I love this Verizon commercial.
I don't know what is more pathetic. Darth Vader dog or 3-year old Princess Leia with metal brassiere attached to Jabba dad.
Saturday, October 26, 2013
I love this Verizon commercial.
Friday, October 25, 2013
LOL. Don't be ridiculous.
No, I mean this:
Number one on Amazon under the category, uh, yeah: books. Take a closer look at it here.
Why, you may ask, is Charles Krauthammer an actual Pulitzer Prize winner rather than merely a self-promoting nominee? Why is his book number one under "books" rather than number 60 under "category/sub-category/sub-sub-category/an even lower category/no, even lower/is the temperature rising?/how deep are we now, exactly/oh, God, please, let's go back up now while we still can/"?
The answer is almost certainly because liberal psychiatrist-turned-conservative columnist Krauthammer is a genuinely thoughtful man, but more importantly, an intellectually honest one, to the core. If you disagree with him, be prepared to bring your A argument game, because you can be sure that what you may want to contest is something he's already tested and re-tested himself a hundred times before, not merely the first impulse that may have come to his mind before being slapped on a page.
For any who may be reading this before 9:00 PM CDT/ 10:00 PM EDT tonight, October the 25th, Bret Baier will be hosting an hour-long interview with Krauthammer on your local Fox news station. Oh - did you know he's been in a wheelchair for 32 years? But you won't hear him whining about that.
If you miss that interview, console yourself with this instead.
Or did they team up on it and build it together?
Thursday, October 24, 2013
There is so much Cleveland in this; I love it already. The part around 2 minutes in where he's riding the motorbike on the bridge is the part they filmed a block from my house which I blogged about earlier. Here's a still I lifted:
Wednesday, October 23, 2013
I really like this approach of Philip Lawler to the Church's current crises. The type of renewal we need is best served by non-institutional efforts, at least at this point. Priests and bishops should do what they do best, i.e., liturgy, homilies, sacraments, canon law, and leave "the rest" of the work of evangelization to the laity. What constitutes "the rest"? Lawler provides the example of EWTN:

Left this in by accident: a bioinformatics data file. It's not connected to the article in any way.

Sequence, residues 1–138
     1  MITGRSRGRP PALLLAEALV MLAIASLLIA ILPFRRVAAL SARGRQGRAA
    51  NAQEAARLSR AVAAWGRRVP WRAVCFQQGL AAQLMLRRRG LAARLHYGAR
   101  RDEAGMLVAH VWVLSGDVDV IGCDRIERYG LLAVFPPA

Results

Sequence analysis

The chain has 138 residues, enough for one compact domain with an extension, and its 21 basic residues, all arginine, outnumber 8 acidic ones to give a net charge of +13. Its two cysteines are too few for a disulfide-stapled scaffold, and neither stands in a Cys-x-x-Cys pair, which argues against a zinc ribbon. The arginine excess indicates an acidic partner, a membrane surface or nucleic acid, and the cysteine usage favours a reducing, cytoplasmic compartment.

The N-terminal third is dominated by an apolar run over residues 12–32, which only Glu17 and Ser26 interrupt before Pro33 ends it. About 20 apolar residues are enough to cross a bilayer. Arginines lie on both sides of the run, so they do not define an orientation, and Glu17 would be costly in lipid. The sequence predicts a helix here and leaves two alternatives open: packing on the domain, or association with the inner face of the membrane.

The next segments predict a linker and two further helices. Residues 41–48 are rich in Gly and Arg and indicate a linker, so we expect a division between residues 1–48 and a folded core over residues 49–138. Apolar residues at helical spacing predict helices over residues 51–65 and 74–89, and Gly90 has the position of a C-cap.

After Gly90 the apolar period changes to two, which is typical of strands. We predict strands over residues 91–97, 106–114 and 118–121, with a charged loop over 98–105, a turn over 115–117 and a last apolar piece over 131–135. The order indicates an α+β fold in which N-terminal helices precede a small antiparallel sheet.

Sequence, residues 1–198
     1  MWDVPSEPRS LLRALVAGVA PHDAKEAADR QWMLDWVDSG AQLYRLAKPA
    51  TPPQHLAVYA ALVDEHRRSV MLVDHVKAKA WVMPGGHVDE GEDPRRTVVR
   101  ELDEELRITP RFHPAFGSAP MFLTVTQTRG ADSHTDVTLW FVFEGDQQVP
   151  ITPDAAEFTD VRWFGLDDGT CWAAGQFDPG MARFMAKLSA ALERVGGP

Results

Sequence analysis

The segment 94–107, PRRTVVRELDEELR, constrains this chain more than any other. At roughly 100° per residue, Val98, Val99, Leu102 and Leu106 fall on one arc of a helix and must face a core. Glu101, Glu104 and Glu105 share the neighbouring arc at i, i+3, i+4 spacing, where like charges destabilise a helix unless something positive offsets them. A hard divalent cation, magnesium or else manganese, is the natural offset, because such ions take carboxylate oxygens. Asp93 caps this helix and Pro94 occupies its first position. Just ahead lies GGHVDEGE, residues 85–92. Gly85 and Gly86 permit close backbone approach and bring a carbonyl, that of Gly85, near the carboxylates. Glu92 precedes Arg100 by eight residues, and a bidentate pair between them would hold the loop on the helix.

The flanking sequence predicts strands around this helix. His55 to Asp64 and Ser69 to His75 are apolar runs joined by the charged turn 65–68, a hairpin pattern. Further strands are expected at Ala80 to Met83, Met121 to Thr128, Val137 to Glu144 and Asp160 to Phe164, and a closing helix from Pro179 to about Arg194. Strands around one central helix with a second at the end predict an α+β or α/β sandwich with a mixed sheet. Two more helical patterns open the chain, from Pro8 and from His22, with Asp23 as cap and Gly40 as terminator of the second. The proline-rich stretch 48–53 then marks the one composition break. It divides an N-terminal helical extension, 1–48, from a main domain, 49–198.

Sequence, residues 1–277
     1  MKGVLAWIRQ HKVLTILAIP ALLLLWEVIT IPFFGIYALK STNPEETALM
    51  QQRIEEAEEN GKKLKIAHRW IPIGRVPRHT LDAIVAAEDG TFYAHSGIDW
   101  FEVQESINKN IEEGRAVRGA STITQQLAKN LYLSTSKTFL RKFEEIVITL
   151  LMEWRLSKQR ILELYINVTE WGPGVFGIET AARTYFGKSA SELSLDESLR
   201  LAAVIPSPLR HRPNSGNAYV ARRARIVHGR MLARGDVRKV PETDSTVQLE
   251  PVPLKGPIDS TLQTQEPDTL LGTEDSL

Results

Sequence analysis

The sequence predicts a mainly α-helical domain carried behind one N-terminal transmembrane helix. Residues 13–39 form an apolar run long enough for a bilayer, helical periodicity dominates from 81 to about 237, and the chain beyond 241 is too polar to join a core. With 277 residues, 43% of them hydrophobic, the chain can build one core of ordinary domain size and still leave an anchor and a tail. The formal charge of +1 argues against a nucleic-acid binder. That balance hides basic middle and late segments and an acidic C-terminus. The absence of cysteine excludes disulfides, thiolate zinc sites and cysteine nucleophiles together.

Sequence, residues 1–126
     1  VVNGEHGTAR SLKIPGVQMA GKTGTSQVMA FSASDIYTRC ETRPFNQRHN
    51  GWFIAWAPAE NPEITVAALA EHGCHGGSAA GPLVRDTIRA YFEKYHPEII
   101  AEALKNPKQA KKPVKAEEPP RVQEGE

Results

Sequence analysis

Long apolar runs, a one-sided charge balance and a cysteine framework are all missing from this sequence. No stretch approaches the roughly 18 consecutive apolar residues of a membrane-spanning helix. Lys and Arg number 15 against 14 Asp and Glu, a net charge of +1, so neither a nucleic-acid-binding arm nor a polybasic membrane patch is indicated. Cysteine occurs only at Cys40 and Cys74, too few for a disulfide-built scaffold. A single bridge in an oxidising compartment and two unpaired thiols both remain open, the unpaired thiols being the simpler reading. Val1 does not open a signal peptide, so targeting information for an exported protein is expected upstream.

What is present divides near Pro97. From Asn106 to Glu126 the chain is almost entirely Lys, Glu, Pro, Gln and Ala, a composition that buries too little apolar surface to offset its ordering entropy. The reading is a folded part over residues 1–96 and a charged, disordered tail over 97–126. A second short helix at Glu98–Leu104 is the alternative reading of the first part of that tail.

My favorite example of this phenomenon—and arguably the greatest success story of 20th-century American Catholicism—is the growth of the Eternal Word Television Network (EWTN). Who could have predicted that a cloistered nun with no background whatsoever in broadcasting, and with serious physical ailments, could found a Catholic radio-television empire that spans the globe? Mother Angelica began with nothing but a vision and a commitment supported by faith. She had no experience or expertise in broadcasting, no connections with the industry, no powerful corporate sponsors. For years she faced opposition from the US bishops’ conference, which poured millions of dollars into a competitive effort. Yet against all odds it was EWTN that prospered, while the lavishly funded effort by the bishops’ conference disappeared from the scene without leaving a trace.
Here's how he looks at the "Francis effect":
So let me ask the question again. Could there be something stirring within the Church: a subterranean rumbling, a movement for renewal that could burst forth to change the religious landscape? Since his election in March 2013, Pope Francis has prodded us all—not only Catholics, but the whole world—to look upon the work of the Church in a new way. Or perhaps it would be more accurate to say that Pope Francis wants the Church to look at the world in a new way: with eyes fixed resolutely outward, concentrating first on the needs of our neighbors rather than on the internal housekeeping of Catholic institutions. His unconventional approach has caused some confusion—even a sense of disorientation—among faithful Catholics. But his popularity is undeniable. Thanks to “the Francis effect,” many more people are interested in the Catholic Church. People are asking questions about the Church, wondering if there is something about Catholicism that they have not quite understood. Yes, it is a time of great uncertainty; but it is also a time ripe for evangelization.